Table of Contents

  • FAWZĪ, MOḤAMMAD

    Cross-Reference

    See FEVZI EFENDI.

  • FAYYĀŻ LĀHĪJĪ

    Cross-Reference

    See ʿABD-AL-RAZZĀQ LĀHĪJĪ.

  • FAYYĀŻ, ʿALĪ-AKBAR MAJĪDĪ

    Jalāl Matīnī

    Fayyāż remained an indefatigable scholar all his life. Going beyond his traditional background, he studied a number of western languages, including Russian, German, English, ancient Greek, and Latin. He was a meticulous scholar, combining his profound knowledge of traditional Islamic sciences and Persian literature with modern methodology in scholarship and literary criticism.

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  • FAYŻ MOḤAMMAD KĀTEB

    R. D. McChesney and A. H. Tarzi

    Afghan court chronicler and secretary to the amir Ḥabīb–Allāh Khan (r. 1901-19).

  • FAYŻ-E KĀŠĀNĪ, MOLLĀ MOḤSEN-MOḤAMMAD

    Hamid Algar

    b. Šāh Mortażā b. Šāh Maḥmūd (b. 1598-9, d. 1679), prolific and versatile scholar of the Safavid period, celebrated chiefly for his Sufi inclinations.

  • FAYŻĀBĀD

    Daniel Balland

    a toponym of auspicious meaning (“blessed abode”) which enjoys great popularity throughout the Iranian world.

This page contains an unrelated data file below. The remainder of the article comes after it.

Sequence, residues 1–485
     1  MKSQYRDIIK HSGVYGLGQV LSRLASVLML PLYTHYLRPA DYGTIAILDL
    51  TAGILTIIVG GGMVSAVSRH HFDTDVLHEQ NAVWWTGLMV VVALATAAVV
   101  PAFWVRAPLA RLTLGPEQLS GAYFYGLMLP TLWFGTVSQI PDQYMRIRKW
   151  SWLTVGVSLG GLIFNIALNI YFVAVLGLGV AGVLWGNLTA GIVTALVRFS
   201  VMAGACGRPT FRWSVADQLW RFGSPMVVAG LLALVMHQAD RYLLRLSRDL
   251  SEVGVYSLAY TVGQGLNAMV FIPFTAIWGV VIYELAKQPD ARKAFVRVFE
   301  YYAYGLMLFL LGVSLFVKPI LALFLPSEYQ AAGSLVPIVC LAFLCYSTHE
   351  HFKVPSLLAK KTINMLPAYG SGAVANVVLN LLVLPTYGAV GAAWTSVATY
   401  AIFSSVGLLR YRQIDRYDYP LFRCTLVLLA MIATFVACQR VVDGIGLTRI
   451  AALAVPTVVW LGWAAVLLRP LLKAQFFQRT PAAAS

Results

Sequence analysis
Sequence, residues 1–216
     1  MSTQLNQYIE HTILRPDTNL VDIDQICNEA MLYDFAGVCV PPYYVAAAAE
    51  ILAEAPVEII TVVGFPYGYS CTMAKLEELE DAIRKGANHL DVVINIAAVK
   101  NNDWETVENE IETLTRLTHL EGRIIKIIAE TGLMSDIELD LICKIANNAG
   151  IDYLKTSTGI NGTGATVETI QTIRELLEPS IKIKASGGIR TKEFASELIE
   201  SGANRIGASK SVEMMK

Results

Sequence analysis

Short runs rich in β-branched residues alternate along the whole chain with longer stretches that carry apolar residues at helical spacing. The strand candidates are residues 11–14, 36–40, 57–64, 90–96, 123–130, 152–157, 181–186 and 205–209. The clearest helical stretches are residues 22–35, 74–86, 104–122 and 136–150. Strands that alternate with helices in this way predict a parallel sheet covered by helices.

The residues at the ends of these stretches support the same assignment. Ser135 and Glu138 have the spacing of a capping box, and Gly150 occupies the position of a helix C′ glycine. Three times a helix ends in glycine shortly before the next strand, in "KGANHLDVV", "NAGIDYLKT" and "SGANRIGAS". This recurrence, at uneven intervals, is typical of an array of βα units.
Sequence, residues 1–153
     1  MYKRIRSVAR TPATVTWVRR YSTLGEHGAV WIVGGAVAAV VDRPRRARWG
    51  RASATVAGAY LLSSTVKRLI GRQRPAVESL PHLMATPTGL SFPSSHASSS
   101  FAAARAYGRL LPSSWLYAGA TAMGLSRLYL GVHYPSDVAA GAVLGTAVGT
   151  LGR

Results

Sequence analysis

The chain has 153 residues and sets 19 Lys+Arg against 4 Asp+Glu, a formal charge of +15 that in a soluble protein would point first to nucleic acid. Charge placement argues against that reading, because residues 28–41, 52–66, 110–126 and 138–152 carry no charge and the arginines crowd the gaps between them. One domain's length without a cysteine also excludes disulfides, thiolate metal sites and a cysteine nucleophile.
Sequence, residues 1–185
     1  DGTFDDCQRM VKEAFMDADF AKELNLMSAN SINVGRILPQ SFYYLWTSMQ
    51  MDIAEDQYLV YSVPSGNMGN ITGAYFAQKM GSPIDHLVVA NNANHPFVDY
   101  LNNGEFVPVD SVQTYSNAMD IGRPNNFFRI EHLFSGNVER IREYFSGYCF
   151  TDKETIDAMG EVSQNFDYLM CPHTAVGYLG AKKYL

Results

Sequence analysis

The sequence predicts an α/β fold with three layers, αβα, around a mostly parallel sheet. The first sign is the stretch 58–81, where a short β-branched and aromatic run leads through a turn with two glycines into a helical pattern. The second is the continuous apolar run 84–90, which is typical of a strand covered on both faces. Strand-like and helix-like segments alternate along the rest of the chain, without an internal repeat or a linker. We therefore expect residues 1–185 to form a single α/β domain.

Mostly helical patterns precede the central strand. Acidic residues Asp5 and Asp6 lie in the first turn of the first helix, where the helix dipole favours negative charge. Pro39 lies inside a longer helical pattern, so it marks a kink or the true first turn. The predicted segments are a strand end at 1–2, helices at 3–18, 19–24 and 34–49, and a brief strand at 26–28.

• FAYŻĪ, ABU’L-FAYŻ

    Munibur Rahman

    (b. Agra, 1547; d. Lahore, 1595), Mughal court poet, also known as Fayżī Fayyāżī, who wrote mainly in Persian.

  • FAYŻĪ, ABU’L-QĀSEM

    Moojan Momen

    (1906-1980), Bahai teacher, missionary, and author.

  • FAŻĀʾEL-E BALḴ

    Arezou Azad

    13th-century local history from Balḵ in eastern Khorasan, with a collection of biographies of Balḵ’s early Islamic scholars and mystics. It differs from many other local histories of medieval Islamic cities in that it comprises a mix of historical, topographical, and prosopographical information,  covering six centuries from the advent of Islam to the late 12th century.

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  • FĀŻEL KHAN GARRŪSĪ, MOḤAMMAD

    Īraj Afšār

    (1784-1843), poet, litterateur, and secretary during the reigns of Fatḥ-ʿAlī Shah (1797-1834) and Moḥammad Shah Qājār (1834-48).